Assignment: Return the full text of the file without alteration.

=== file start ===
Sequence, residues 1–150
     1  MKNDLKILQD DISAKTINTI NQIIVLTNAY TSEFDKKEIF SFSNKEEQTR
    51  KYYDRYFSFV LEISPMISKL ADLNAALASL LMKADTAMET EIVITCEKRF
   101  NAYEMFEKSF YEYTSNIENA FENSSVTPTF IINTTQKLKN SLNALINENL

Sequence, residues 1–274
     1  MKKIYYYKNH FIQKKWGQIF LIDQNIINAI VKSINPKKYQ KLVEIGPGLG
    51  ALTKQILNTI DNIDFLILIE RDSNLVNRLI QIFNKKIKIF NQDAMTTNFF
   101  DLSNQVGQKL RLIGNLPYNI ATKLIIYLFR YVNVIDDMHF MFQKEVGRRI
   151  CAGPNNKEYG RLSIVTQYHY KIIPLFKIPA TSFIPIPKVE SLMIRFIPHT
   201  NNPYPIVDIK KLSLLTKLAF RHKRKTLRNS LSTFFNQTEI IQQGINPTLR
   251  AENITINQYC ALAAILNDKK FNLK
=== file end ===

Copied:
Sequence, residues 1–150
     1  MKNDLKILQD DISAKTINTI NQIIVLTNAY TSEFDKKEIF SFSNKEEQTR
    51  KYYDRYFSFV LEISPMISKL ADLNAALASL LMKADTAMET EIVITCEKRF
   101  NAYEMFEKSF YEYTSNIENA FENSSVTPTF IINTTQKLKN SLNALINENL

Sequence, residues 1–274
     1  MKKIYYYKNH FIQKKWGQIF LIDQNIINAI VKSINPKKYQ KLVEIGPGLG
    51  ALTKQILNTI DNIDFLILIE RDSNLVNRLI QIFNKKIKIF NQDAMTTNFF
   101  DLSNQVGQKL RLIGNLPYNI ATKLIIYLFR YVNVIDDMHF MFQKEVGRRI
   151  CAGPNNKEYG RLSIVTQYHY KIIPLFKIPA TSFIPIPKVE SLMIRFIPHT
   201  NNPYPIVDIK KLSLLTKLAF RHKRKTLRNS LSTFFNQTEI IQQGINPTLR
   251  AENITINQYC ALAAILNDKK FNLK